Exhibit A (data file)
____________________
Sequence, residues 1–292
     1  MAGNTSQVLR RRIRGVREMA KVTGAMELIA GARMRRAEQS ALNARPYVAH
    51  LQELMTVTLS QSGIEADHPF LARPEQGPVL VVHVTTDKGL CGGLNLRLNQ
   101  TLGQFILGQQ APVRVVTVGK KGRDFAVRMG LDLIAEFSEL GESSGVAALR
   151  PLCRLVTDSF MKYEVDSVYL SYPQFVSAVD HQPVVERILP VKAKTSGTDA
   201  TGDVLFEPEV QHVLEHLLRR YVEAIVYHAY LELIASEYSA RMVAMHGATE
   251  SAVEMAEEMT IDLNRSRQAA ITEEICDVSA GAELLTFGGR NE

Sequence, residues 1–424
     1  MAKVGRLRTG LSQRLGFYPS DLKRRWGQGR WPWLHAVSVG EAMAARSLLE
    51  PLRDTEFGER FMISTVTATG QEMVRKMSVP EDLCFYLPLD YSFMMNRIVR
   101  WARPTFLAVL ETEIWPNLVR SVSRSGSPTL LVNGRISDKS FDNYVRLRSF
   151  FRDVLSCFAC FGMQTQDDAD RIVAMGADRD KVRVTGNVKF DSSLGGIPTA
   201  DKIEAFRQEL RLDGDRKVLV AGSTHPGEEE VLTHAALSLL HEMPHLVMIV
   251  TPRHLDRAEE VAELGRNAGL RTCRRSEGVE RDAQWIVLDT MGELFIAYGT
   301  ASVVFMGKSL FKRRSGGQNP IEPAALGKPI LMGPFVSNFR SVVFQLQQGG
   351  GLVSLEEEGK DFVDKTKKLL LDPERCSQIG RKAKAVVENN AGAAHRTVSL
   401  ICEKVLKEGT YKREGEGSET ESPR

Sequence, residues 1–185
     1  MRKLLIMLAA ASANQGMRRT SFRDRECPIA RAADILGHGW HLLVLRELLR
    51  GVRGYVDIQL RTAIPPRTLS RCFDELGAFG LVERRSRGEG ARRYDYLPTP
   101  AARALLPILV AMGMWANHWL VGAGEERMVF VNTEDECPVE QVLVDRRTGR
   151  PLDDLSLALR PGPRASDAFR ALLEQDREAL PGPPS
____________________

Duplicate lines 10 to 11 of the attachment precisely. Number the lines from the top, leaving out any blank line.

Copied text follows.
    51  PLRDTEFGER FMISTVTATG QEMVRKMSVP EDLCFYLPLD YSFMMNRIVR
   101  WARPTFLAVL ETEIWPNLVR SVSRSGSPTL LVNGRISDKS FDNYVRLRSF